300 Movie Essay

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Frank Miller’s 300 the movie is probably the few adaptations of comic books to films that has managed to stay true to the original source and the success the movie 300 made globally is a testament of such, however in every successful film there is always the downsides of it especially if the original source is a comic book and therefore there is the expectations between the comic reader audience and the cinema audience.

It is true that 300, though it has captured the concept of its graphic novel, and has additional scenes that we could say is for cinematic purpose and isn’t simply ‘a rehash ‘.To a certain degree it challenges the criticism made by “French Director Alain Resnais when he stated in the 1990, “Till today I haven’t seen a …show more content…

The first scene example that will discuss regarding with 1.) Deletion and Addition process And 2.) Characteristics of page layout and film screen, is the scene where the Persian main messenger talks with King Leonidas about what Persian King Xerxes acquires from the King of Sparta. A) B) C)
The Addition to this scene is the two characters of Queen Gorgo and Politician Theron (picture B and C). Queen Gorgo is present throughout the movie unlike in the graphic novel, she is present in one chapter; her addition to the movie is to establish the relationship between her and King Leonidas and is portrayed as a strong character. This is essential especially in film to give more active role to Queen Gorgo because had the director, Zack Snyder, decided to stay true to the graphic novel for Queen Gorgo, her role wouldn’t be clear or would have easily forgotten to the film audience. Also adding new characters, such as the corrupt Politician Theron, helps the narrative for film to be dynamic to engage the film audience.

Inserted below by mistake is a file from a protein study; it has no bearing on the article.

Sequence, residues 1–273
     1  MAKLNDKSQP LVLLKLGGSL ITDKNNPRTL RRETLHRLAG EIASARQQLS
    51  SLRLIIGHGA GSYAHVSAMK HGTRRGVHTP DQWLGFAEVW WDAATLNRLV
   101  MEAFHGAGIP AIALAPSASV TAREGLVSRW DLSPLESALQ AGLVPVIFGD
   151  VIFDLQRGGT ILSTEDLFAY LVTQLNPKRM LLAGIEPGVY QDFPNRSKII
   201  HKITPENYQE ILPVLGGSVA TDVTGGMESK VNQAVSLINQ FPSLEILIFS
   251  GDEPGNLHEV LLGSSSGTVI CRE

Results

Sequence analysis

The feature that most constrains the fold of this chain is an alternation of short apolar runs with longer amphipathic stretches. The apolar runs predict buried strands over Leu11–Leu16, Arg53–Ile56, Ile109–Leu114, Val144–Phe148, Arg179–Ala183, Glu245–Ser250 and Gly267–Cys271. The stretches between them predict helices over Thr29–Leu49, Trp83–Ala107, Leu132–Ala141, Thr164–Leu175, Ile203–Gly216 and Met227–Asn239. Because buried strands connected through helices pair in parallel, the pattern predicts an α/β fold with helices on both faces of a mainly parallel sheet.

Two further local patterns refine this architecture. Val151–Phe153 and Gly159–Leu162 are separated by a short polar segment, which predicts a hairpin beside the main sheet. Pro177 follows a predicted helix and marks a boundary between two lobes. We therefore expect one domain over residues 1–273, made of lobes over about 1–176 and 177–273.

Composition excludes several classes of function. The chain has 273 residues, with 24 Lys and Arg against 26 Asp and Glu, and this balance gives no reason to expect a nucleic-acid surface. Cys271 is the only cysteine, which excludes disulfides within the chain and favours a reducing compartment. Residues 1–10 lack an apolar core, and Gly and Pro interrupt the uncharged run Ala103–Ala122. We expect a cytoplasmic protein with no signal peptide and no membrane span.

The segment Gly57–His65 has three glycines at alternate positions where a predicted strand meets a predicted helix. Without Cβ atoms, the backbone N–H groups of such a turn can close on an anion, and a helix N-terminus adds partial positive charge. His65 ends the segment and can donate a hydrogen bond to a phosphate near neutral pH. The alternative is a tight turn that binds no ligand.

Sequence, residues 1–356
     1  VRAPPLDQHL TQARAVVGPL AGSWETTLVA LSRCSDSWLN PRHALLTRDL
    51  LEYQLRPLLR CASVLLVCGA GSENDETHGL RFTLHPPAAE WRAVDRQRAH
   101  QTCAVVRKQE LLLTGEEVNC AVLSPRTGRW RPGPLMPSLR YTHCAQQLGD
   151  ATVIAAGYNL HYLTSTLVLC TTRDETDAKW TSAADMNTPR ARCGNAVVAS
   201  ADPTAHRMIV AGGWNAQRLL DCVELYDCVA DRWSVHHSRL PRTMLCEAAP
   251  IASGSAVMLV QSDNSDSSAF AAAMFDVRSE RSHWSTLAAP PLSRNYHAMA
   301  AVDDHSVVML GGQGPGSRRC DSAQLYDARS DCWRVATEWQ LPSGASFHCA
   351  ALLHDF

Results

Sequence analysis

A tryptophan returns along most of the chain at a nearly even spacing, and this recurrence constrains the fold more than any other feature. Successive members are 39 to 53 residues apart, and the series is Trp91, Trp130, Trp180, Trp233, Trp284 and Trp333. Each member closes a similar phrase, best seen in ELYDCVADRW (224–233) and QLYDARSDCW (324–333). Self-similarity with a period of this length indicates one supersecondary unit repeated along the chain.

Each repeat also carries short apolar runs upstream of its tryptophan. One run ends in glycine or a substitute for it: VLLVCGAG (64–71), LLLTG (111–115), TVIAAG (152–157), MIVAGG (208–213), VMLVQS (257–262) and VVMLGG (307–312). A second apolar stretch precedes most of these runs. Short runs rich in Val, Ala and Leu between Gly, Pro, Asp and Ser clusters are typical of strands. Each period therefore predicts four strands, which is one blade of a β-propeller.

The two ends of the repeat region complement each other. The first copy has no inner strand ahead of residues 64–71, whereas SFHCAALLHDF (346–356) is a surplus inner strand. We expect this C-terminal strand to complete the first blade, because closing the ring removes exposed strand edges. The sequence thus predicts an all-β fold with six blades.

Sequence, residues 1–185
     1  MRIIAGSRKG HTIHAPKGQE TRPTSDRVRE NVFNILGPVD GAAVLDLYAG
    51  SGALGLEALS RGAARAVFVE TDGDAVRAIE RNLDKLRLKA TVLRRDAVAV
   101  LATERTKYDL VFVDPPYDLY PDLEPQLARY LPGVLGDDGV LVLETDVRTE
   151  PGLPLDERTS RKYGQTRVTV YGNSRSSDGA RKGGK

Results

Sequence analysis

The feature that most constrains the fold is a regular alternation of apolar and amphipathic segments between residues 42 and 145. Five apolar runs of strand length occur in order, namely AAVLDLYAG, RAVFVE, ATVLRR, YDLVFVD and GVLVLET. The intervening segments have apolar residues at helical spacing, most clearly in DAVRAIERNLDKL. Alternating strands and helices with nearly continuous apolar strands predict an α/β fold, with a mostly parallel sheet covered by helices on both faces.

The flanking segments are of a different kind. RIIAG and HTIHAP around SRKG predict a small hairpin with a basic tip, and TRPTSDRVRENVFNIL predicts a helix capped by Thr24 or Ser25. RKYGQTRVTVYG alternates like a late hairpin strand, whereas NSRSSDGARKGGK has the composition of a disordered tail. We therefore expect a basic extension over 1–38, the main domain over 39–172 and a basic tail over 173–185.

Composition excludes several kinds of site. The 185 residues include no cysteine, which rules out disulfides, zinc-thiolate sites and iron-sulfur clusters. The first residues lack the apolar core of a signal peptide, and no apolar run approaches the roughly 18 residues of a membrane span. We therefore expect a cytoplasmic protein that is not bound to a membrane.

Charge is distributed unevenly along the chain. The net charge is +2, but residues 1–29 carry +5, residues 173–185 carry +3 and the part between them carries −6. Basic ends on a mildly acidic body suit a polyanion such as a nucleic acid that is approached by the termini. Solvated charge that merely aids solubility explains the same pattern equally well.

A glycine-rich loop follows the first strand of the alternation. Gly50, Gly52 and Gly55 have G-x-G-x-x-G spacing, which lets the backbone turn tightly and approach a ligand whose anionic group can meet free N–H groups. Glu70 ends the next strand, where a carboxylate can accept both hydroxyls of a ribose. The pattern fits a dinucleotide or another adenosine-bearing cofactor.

This is where the following quote ‘a direct adaptation is seldom a good choice: some elements may work wonderfully in a comic, but cannot function in the context of a film. Usually a script writer for a movie has to leave out scenes, has to add others, or introduce new ones.’ (Pascal Lefevre, 2007, 4) becomes essential because for the film audience, specifically to those who are not comic readers, needs an establishment of the characters that they

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